A new building industry report found that the number of construction jobs rose in 66% of U.S. metropolitan areas for the year that ended Nov. 30, a sign that the economic recovery is spreading to that once hard-hit sector.
The Associated General Contractors of America, the construction industry's largest trade group, said in its report released Tuesday that demand was so strong that some regions had begun to experience labor shortages.
"It is good news that construction employment is now rising in two-thirds of the nation's metro areas," said Ken Simonson, the group's chief economist. "But now that the unemployment rate for construction workers has fallen to a seven-year low, it has become a major challenge to find qualified workers in many fields."
The report found that employment in the industry grew in 224 of 339 metro areas.
The largest gains, by numbers, came in the Houston area, which added 16,200 construction jobs, an increase of 9% over the previous 12-month period.
That was followed by Dallas-Irving-Plano, Texas, with 11,000 more jobs, a 10% rise, greater Chicago, which added 9,100 jobs, or 7%, and Seattle-Bellevue-Everett, Wash., with 8,900 jobs, or 12%.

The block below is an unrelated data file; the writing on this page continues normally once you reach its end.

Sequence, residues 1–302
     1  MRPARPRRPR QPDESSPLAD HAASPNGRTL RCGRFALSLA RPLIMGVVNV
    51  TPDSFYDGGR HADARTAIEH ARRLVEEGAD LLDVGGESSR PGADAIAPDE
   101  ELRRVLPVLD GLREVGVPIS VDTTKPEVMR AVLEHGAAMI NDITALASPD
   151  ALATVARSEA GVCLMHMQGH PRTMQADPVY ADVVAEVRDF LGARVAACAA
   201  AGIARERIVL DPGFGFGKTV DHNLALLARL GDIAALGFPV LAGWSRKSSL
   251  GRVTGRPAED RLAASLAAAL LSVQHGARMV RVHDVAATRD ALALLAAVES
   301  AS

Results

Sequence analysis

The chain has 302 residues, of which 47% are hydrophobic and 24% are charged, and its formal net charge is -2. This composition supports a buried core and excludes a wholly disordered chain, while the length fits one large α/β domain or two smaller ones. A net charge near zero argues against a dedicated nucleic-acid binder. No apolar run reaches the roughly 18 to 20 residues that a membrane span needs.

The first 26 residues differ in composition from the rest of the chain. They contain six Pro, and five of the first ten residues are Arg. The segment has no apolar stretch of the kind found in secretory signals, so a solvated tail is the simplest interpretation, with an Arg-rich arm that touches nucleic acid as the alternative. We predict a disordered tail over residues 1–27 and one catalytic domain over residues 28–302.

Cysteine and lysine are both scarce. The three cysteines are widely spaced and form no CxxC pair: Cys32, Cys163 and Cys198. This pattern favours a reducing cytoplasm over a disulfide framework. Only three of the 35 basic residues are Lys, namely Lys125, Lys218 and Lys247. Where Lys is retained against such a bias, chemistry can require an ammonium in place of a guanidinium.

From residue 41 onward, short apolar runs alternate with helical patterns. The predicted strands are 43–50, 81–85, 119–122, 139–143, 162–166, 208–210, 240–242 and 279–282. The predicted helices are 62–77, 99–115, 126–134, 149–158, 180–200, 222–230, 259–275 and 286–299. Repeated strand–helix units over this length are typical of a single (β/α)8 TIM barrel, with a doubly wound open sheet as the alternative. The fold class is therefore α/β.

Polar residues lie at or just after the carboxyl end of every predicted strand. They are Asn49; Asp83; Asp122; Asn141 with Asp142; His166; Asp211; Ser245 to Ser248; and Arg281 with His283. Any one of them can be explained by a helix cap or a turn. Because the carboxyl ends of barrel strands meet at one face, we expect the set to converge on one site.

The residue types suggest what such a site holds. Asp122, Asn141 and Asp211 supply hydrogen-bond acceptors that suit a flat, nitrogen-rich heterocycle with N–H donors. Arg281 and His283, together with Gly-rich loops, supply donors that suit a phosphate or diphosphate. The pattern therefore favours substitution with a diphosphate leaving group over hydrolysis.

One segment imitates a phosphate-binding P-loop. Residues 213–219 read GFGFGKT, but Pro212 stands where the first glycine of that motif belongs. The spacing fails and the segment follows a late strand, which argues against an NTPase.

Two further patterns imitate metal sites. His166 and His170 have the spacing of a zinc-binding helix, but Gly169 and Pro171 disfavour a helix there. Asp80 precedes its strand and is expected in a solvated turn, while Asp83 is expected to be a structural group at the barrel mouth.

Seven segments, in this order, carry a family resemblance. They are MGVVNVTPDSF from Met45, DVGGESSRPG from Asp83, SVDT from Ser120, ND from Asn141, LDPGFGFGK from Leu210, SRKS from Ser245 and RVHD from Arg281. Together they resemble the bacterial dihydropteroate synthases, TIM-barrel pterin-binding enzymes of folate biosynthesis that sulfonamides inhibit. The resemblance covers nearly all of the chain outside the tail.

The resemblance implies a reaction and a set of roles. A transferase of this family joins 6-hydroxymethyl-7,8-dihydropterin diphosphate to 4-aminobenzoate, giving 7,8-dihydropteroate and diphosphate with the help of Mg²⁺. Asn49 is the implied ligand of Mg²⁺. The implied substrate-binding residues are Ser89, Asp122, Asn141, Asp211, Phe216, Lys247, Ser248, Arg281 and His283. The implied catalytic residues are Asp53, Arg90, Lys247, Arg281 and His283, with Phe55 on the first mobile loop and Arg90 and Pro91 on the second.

From a statewide perspective, California added 41,700 construction jobs, a 6% rise, to a total of 697,000, the group said.
The fastest growth came from the Santa Ana-Anaheim-Irvine area, which added 7,700 construction jobs, a 10% rise, and the Los Angeles-Long-Beach area, which added 6,100 jobs, up 5%.
The mostly positive news in the sector was tempered by the fact that some of the fastest growth during the year came in regions that are heavily dependent on the oil and gas business and thus vulnerable to the recent plunge in oil prices.
Besides the Texas metro areas, some of the fastest growth in construction jobs, relative to the size of the market, came from such oil-dependent regions as Pascagoula, Miss. (24% with 1,500 more jobs); Fargo, N.D. (19%, 1,600 jobs); and York-Hanover, Pa. (18%, 1,700 jobs).